Small peninsula, rich in history
For centuries, the safest way to sail into New York Harbor was by hugging the shore of Sandy Hook, where the water was deepest. This six mile peninsula had an outsize influence on the safety of the harbor and the defense of New York City. From its days as a British colony and outpost to the era of nuclear missiles, Sandy Hook lighted the paths of seafarers and protected New Yorkers from potential attack and invasion. Since the Federal government completed purchase of the entire peninsula in 1814, it was spared the commercial development that dominates much of the New Jersey coast. In 1982, the Sandy Hook peninsula was designated as the Fort Hancock and Sandy Hook Proving Ground National Historic Landmark.
Sandy Hook includes the oldest surviving lighthouse in what is now the United States. Built in 1764, it is still in use today. The British Army captured the lighthouse in 1776 and held it until the evacuation of New York in 1783. At least once the Continental Army tried to knock it down. Sandy Hook's maritime history includes the heroic U.S. Life Saving Service, which saved passengers and crew from shipwrecks. The distinctive structures of the USLSS can still be seen here today. The Sandy Hook Lighthouse was designated a National Historic Landmark in 1964.
Sandy Hook's history as a military location began with the American Revolution, when British and Loyalist soldiers occupied the Hook for almost the entire war. U.S. defenses at Sandy Hook took place in fits and spurts during the War of 1812 and the Civil War. The "Fortifications at Sandy Hook" was renamed Fort Hancock in 1895, beginning the Army's permanent operational defensive fortifications of the Hook that spanned the Spanish-American War to the age of nuclear missiles--missiles which were housed here. Most of the fort's iconic yellow brick buildings survive.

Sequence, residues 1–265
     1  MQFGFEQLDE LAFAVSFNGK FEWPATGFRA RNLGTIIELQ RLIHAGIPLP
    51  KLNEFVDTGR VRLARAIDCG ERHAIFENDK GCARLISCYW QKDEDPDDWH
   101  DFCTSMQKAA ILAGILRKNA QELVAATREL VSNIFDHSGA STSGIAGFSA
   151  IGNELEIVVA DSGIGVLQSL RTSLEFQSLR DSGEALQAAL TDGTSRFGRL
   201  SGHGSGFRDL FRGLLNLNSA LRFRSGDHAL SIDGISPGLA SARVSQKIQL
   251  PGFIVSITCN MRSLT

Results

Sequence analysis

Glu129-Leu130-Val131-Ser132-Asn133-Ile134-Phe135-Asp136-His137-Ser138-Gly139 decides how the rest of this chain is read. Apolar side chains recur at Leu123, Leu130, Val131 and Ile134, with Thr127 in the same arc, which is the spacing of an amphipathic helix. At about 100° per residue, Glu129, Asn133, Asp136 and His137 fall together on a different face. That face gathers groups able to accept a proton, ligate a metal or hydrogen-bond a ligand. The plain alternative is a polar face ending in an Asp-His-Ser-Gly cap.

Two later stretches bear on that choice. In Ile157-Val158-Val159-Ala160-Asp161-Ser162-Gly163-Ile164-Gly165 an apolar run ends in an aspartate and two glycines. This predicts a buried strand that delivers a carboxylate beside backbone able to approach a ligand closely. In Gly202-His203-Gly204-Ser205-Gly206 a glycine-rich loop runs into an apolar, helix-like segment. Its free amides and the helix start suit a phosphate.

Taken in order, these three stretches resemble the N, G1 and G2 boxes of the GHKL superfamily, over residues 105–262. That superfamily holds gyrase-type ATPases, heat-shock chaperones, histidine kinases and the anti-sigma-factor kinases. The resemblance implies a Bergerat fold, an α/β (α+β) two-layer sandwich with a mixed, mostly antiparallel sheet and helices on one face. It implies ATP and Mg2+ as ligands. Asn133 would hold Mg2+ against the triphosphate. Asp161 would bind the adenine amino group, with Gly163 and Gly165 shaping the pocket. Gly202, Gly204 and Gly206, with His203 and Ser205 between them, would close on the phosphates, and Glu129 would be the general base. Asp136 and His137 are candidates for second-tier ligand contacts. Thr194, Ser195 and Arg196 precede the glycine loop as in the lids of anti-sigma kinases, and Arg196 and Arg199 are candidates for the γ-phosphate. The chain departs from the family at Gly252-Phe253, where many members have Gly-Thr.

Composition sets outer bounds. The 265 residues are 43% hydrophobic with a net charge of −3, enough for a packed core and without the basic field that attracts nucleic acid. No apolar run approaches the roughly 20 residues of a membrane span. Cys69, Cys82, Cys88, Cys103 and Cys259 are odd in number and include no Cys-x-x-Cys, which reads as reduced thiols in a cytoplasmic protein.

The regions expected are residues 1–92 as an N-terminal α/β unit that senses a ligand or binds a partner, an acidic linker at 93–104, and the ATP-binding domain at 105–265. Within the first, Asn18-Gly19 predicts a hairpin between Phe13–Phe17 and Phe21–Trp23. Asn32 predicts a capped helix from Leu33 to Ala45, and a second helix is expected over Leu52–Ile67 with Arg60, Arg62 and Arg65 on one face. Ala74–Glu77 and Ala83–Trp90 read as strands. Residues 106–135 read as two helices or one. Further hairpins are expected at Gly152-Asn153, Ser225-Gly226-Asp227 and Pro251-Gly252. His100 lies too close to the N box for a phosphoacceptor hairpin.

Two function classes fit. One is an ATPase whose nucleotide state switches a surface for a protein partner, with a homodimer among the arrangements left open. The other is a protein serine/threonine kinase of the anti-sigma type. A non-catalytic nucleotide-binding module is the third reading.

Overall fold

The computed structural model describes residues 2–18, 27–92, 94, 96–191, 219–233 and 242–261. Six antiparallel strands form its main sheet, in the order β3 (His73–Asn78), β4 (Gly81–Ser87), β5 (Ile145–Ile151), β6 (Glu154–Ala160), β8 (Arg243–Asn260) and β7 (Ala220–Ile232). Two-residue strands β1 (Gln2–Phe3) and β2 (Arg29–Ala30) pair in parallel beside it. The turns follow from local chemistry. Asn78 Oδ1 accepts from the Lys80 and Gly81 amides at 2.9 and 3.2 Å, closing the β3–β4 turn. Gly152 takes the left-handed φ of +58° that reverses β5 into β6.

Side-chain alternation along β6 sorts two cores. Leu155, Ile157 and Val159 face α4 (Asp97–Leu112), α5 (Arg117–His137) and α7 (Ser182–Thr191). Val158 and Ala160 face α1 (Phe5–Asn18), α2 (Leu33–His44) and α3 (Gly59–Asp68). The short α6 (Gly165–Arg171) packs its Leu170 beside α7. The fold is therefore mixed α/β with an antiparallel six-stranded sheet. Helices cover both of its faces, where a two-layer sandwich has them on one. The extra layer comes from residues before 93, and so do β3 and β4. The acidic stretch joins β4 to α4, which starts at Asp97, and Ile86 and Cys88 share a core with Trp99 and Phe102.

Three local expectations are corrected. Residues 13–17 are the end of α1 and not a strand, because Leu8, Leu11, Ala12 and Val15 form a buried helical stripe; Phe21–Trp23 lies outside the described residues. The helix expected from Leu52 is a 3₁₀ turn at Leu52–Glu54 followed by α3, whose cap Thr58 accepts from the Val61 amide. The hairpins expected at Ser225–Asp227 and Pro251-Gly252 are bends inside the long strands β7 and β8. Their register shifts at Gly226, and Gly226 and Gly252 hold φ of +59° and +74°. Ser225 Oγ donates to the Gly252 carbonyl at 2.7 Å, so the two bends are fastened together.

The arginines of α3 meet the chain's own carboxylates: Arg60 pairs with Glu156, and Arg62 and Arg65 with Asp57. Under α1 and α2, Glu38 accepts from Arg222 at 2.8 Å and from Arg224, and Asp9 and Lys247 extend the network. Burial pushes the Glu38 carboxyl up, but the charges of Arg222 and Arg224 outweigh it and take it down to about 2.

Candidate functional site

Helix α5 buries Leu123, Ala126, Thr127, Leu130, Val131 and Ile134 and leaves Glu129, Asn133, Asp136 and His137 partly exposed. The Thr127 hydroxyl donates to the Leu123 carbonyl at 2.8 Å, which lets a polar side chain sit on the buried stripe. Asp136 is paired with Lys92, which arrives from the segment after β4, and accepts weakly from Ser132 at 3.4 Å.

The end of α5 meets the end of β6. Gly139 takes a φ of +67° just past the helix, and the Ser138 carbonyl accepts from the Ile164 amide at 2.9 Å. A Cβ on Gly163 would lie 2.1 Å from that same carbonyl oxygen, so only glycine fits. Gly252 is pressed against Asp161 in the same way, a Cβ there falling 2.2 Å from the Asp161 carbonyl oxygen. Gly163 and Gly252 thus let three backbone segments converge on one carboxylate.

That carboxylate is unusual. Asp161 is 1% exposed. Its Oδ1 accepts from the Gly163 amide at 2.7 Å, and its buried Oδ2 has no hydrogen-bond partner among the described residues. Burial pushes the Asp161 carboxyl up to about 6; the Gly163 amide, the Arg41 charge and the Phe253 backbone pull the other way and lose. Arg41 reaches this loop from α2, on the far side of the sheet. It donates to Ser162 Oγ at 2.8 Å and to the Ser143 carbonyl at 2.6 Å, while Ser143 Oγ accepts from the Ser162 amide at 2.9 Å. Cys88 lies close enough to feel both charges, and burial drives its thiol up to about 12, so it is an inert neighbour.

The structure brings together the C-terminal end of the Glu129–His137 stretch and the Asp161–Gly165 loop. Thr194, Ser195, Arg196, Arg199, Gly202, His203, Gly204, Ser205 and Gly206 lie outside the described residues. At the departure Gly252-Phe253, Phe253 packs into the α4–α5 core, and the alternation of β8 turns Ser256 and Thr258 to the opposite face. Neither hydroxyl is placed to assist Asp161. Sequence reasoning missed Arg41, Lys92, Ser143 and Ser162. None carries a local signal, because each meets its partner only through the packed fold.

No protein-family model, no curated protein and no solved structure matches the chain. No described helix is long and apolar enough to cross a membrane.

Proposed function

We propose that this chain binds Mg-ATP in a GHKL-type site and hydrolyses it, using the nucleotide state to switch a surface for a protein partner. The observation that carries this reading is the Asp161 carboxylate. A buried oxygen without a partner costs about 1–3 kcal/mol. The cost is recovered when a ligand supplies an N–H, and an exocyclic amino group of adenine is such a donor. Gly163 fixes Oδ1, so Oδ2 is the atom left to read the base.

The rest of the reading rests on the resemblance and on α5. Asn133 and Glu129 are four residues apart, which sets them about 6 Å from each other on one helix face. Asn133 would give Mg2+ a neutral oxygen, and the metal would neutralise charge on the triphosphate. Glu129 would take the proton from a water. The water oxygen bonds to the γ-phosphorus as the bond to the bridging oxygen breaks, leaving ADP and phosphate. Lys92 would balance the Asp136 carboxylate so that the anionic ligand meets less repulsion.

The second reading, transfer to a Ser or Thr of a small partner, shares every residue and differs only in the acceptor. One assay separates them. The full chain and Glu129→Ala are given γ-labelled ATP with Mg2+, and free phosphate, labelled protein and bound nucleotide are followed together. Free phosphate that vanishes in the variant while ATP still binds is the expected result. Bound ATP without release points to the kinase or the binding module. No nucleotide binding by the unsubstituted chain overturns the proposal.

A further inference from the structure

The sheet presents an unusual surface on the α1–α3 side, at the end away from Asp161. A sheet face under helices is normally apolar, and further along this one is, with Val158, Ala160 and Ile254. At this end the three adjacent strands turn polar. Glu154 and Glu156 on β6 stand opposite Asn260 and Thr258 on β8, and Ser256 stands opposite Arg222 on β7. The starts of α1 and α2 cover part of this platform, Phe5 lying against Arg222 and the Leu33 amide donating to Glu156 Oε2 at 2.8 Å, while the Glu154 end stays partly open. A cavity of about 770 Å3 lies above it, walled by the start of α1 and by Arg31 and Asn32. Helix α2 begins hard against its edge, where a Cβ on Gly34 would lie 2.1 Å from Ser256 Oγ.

An area that overlaps Fort Hancock in both time and space, the Sandy Hook Proving Ground was established by the U.S. Army in 1874 as a place to test new weaponry. The Proving Ground moved to Aberdeen, Maryland in 1919. By then, Fort Hancock had also been established at Sandy Hook.
Military history enthusiasts can check out the New York-Philadelphia Coastal Artillery system (1944), which included Sandy Hook. The file is very large and takes time to download. Study 1935 Army maps of all the forts which are now part of Gateway: Hancock, Wadsworth and Tilden. You can also find out more about Fort Hancock and Sandy Hook Proving Ground National Historic Landmark and read the national historic landmarks nomination for Fort Hancock and the Sandy Hook Proving Ground.
The history of Highlands as a recreational beach resort overlaps areas which are now part of the national park. The impressive structures of Highlands Beach as a Jersey Shore destination exist today only in postcards.